Cadel Evans (BMC) has said that Lance Armstrong is entitled to be considered innocent until proven guilty. Armstrong was among the riders named in Floyd Landis’ detailed allegations of a systematic doping programme at the U.S. Postal Service team, which became public in May. The American has strongly denied all allegations.
A federal investigation into the matter is ongoing. Last week, an American delegation led by special agent Jeff Novitzky met with European anti-doping investigators at Interpol headquarters in Lyon, France.
“Someone being accused or investigated doesn’t mean they’re guilty,” Evans told the Sydney Morning Herald when questioned on the matter, although he believes that those who are found guilty of doping should face consequences. “OK, when they're proved to be guilty let's hope justice is done and you're punishing people for wrong-doing.”
Evans was careful not to enter into the specifics of the Armstrong case and instead limited himself to some more general points.
''I think if anyone is investigated and then cleared, well, then they're more innocent than anyone who's not investigated, aren't they?” Evans said. “But also, unfortunately, people, and sometimes rightly so, attach investigation and accusation with guilt, which isn't always the case. I think for innocent people to be associated with guilt is really unfortunate.''
The former world champion also admitted that he is frustrated by the fact that any impressive ride is almost automatically tarred with suspicion, but he maintains that cycling is doing more than most other sports in the fight against doping.
“As cyclists [just because] you finished the Tour de France well doesn't mean you're a drug cheat, but sometimes you get painted with that brush unfortunately and it's not a nice feeling,” Evans said. ''We feel a little bit overly scrutinised sometimes. Cycling [bosses] are doing the right thing to try to clean up the sport and they're really doing it with transparency, but just because they catch one person with however many tests they do, it doesn't mean that everyone's a cheat.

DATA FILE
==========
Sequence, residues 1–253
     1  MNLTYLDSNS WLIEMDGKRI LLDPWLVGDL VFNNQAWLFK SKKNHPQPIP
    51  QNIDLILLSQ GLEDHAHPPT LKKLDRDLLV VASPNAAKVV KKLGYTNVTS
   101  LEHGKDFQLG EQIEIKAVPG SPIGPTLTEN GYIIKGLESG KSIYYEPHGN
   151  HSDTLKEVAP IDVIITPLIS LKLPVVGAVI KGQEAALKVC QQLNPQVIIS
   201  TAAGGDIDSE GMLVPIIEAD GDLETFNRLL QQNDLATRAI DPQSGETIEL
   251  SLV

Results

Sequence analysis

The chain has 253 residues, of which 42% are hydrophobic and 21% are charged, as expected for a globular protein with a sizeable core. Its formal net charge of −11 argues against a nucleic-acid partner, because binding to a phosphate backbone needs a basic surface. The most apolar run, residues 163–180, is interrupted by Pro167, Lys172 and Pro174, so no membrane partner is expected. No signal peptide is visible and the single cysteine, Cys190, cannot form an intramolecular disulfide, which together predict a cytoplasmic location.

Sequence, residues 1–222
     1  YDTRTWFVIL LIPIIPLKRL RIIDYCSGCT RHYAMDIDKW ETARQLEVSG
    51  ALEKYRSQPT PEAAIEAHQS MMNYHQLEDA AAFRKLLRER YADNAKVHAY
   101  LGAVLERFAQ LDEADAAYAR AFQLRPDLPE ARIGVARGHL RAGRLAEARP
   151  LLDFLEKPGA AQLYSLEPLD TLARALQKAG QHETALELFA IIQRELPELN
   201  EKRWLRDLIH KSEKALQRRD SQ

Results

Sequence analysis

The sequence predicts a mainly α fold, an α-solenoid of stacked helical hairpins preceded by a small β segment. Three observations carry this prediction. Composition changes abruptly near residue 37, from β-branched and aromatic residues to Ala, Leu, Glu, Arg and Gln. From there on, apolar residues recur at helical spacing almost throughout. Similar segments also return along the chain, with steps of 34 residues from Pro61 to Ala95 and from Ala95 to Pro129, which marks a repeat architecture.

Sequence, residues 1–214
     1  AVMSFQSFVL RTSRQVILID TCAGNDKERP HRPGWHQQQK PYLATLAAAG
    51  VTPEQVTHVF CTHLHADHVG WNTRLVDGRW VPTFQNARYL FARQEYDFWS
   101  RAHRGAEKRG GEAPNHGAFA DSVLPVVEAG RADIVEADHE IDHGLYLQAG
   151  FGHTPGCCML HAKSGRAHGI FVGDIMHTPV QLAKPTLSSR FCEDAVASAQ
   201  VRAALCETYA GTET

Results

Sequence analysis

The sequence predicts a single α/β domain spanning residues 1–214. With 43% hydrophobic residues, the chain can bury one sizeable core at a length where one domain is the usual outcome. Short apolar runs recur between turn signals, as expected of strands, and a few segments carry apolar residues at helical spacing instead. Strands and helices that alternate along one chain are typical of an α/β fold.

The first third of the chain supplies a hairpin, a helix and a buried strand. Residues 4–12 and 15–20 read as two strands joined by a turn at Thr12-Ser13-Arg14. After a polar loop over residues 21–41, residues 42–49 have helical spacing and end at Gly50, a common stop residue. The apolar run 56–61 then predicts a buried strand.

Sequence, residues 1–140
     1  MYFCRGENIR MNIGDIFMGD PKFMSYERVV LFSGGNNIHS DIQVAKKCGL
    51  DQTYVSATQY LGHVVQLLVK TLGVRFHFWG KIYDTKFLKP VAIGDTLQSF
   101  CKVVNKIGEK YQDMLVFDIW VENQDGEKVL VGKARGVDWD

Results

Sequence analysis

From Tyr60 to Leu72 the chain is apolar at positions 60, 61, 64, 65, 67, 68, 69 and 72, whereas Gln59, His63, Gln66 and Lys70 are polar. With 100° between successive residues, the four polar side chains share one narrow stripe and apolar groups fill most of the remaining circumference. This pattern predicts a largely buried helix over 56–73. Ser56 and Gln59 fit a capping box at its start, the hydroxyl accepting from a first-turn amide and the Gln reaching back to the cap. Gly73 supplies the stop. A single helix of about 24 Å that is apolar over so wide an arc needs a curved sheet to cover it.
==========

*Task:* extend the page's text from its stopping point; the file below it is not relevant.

''If you compare [cycling's drug-testing measures] to other sports that aren't anywhere near as scrutinised as we are, it's not always a fair comparison.''
The Tour and the Vuelta in 2011
After a hectic 2010, during which Evans exhibited his rainbow jersey at every opportunity, the Australian will have a more relaxed build-up to the Tour de France this time around. He will not ride the Tour Down Under and will only begin his season at Tirreno-Adriatico in March.
“I'll probably be really quiet during the year and no one will see me, and everyone will be asking what's the matter with me,'' Evans joked. “I think it will be the latest start I'll have to a season in my career ever, which for me is great because you have more time to do your base preparation before the season and when you have time to do something properly you usually do a better job of it.”
Evans will also skip the Giro d’Italia in 2011 after suffering the effects of last year’s epic corsa rosa in France in July, and is instead likely to ride the Vuelta a España in August. 'That's sort of locked in,” he said, although for now his thoughts are fixed firmly on the Tour de France. With Alberto Contador a possible absentee in 2011, Evans is all too aware that there may never have been a better year to build his season around the Tour.
“Just being fresher for July for me is the main thing because pretty much every year I've done the Tour I've got there pretty tired.”
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Barry Ryan is European Editor at Cyclingnews. He has covered professional cycling since 2010, reporting from the Tour de France, Giro d’Italia and events from Argentina to Japan. His writing has appeared in The Independent, Procycling and Cycling Plus. He is the author of The Ascent: Sean Kelly, Stephen Roche and the Rise of Irish Cycling’s Golden Generation, published by Gill Books.
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